Robert Smalls - Overview and Early Life
- Occupation: Boat Wheelman, Member of the U.S. House of Representatives
- Born: April 5, 1839 in Beaufort, South Carolina
- Died: February 23, 1915 in Beaufort, South Carolina
- Best known for: Escaping to the North in a stolen Confederate ship.
Robert Smalls lived a fascinating life full of hardship, courage, and accomplishment. He was born into slavery in South Carolina where, despite his humble beginnings, he eventually became a ship's pilot. During the Civil War, Robert hatched a plan to steal a Confederate ship, risking his life to escape to freedom along with his family. He then joined the Union Army and fought for the freedom of the rest of his people. After the Civil War, Robert returned to South Carolina where he was elected to the United States House of Representatives.
Source: Harper's Weekly
Robert Smalls was born on April 5, 1839 in Beaufort, South Carolina. His mother, Lydia Polite, was enslaved by Henry McKee. Robert grew up working as an enslaved worker for the McKee family. He lived with his mother in a small cabin behind the large McKee house. As a boy, Robert spent his time tending to his enslaver Henry McKee. McKee liked Robert and treated him well, however, Robert's mother made sure he understood the reality of slavery. Despite how he was treated, Robert could be sold at any time. He was considered the property of Henry McKee.
Becoming a Boat Pilot
As Robert grew older, his master began to hire him out. Robert would work jobs around Beaufort, and his owner would get the money. Robert loved the sea and eventually found a job working on the docks and ships at the Port of Charleston. Robert was smart and worked hard. Over time, he became an expert navigator of the Charleston Harbor and the surrounding rivers and coastline. He earned the position as the wheelman of a boat. This job had essentially the same responsibilities as a boat pilot, but the enslaved were not allowed to have the "pilot" title. It was an important and somewhat prestigious job.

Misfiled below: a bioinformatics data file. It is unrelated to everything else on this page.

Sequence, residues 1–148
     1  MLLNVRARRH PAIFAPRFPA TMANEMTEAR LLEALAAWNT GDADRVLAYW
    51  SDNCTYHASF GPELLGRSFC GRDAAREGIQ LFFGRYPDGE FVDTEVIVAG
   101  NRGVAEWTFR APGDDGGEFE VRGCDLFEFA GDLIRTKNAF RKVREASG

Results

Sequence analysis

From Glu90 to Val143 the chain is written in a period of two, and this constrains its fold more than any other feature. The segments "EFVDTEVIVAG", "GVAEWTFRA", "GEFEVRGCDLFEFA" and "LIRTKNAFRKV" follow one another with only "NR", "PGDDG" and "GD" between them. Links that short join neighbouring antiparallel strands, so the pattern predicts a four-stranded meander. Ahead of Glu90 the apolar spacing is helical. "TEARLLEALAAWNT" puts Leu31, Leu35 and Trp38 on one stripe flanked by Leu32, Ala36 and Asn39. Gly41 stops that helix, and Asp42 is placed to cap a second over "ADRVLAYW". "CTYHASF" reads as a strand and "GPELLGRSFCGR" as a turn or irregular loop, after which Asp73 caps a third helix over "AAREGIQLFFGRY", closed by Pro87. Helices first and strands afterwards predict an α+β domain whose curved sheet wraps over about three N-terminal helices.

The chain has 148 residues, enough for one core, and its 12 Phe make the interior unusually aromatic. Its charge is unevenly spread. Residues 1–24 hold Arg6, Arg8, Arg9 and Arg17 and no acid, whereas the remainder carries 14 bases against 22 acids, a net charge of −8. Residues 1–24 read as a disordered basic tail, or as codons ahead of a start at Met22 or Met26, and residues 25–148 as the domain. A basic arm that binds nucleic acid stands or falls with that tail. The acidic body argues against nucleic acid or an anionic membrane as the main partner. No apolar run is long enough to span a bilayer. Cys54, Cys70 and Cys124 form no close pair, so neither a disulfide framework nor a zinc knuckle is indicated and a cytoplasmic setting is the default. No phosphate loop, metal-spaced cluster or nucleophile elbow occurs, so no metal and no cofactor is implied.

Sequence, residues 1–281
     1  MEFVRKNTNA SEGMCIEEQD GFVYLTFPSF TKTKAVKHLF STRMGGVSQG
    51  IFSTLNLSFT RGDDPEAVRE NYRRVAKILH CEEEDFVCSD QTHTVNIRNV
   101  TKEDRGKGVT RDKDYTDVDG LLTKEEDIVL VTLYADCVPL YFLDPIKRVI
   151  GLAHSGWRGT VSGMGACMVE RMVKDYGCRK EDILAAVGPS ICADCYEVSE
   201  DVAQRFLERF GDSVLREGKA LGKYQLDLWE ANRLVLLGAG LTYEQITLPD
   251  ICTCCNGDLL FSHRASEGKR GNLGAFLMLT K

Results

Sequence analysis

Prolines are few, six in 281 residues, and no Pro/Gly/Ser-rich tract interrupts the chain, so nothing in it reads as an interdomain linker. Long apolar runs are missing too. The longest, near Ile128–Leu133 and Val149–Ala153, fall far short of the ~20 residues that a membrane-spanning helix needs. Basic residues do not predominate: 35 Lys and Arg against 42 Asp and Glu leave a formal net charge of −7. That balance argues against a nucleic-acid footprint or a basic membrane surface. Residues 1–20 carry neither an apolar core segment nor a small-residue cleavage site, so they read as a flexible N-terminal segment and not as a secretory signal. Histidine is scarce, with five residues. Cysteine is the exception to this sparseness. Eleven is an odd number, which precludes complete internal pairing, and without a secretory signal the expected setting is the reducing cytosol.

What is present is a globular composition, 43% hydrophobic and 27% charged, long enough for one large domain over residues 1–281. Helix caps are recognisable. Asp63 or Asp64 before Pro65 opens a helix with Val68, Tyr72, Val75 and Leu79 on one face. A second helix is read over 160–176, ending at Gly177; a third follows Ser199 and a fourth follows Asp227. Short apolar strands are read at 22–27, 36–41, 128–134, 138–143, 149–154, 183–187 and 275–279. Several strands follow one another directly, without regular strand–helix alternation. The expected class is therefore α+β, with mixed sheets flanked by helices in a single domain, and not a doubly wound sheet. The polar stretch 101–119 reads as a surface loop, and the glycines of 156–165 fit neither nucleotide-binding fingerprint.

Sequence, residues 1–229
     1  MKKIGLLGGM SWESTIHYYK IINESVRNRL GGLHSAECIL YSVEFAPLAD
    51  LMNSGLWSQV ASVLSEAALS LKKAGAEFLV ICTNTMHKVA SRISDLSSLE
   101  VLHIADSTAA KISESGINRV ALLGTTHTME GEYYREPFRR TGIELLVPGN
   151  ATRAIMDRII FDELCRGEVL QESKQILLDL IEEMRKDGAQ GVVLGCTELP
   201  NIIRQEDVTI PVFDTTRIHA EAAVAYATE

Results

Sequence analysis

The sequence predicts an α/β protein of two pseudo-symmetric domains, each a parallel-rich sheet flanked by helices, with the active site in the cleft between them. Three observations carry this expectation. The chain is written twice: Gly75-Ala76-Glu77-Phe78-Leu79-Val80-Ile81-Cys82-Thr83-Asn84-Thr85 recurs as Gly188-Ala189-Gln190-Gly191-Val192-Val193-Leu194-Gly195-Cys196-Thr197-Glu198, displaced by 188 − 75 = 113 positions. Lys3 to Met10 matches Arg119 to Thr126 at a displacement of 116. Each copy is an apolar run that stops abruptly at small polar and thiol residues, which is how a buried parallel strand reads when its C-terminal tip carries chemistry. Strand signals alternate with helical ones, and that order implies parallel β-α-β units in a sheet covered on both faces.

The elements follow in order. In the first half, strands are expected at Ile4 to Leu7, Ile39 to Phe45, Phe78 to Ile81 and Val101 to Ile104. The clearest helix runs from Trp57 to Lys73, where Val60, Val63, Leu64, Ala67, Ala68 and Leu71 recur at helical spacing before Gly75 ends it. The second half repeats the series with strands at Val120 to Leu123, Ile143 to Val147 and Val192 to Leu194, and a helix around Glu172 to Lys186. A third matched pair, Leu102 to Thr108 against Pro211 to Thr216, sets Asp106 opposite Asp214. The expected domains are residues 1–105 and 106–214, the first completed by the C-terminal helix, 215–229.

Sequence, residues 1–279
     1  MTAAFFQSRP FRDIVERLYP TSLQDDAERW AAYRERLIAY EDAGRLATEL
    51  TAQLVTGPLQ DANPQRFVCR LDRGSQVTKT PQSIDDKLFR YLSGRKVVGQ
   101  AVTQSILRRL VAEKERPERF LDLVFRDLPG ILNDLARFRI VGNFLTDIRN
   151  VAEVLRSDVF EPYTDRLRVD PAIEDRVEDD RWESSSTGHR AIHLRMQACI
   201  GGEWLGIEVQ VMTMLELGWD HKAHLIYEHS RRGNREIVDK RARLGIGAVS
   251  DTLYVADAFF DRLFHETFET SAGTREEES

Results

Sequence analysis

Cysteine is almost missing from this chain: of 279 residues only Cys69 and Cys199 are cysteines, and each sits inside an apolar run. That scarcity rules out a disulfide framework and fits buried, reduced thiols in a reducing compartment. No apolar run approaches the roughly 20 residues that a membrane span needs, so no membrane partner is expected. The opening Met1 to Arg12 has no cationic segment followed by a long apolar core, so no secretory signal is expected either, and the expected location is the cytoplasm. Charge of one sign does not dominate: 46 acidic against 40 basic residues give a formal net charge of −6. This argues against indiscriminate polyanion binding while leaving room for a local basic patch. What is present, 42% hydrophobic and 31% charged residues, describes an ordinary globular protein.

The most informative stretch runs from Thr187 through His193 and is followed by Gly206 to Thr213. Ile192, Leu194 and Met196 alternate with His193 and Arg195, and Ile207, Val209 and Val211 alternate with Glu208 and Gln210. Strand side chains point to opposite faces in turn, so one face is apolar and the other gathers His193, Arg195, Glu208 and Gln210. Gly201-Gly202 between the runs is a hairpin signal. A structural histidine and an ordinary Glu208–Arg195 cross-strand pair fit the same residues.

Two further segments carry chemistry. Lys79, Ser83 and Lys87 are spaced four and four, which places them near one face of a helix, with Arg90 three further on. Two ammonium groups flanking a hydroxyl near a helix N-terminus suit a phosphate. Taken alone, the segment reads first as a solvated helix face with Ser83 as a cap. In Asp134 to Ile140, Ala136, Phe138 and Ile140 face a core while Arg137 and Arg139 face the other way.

The gun-boat "Planter"
Source: Harper's Weekly
In 1856, at the age of seventeen, Robert fell in love. He married an enslaved woman named Hannah Jones who worked as a maid in a Charleston hotel. Hannah already had two daughters when they were married, but the couple soon had a third child of their own. Robert had built himself a good life. He had a good job and a family he loved, but he knew his life was fragile. His family were enslaved. They were owned by other people and his children could be sold and sent away at any moment. Robert began to plan his escape.
The Civil War Begins
The Civil War began in April of 1861 at the Battle of Fort Sumter, not far from where Robert and his family lived in Charleston. As an experienced pilot, the Confederate Army assigned Robert to a military transport ship named the Planter. Smalls quickly gained the confidence of the white officers of the ship and was promoted to wheelman. He expertly piloted the ship along the coastline and rivers around Charleston laying mines, transporting ammunition, and delivering Confederate troops and messages.
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Robert Smalls Biography Contents
More Civil Rights Heroes:
- Robert Smalls - Early Life
- Escape from the South
- Politics and Interesting Facts
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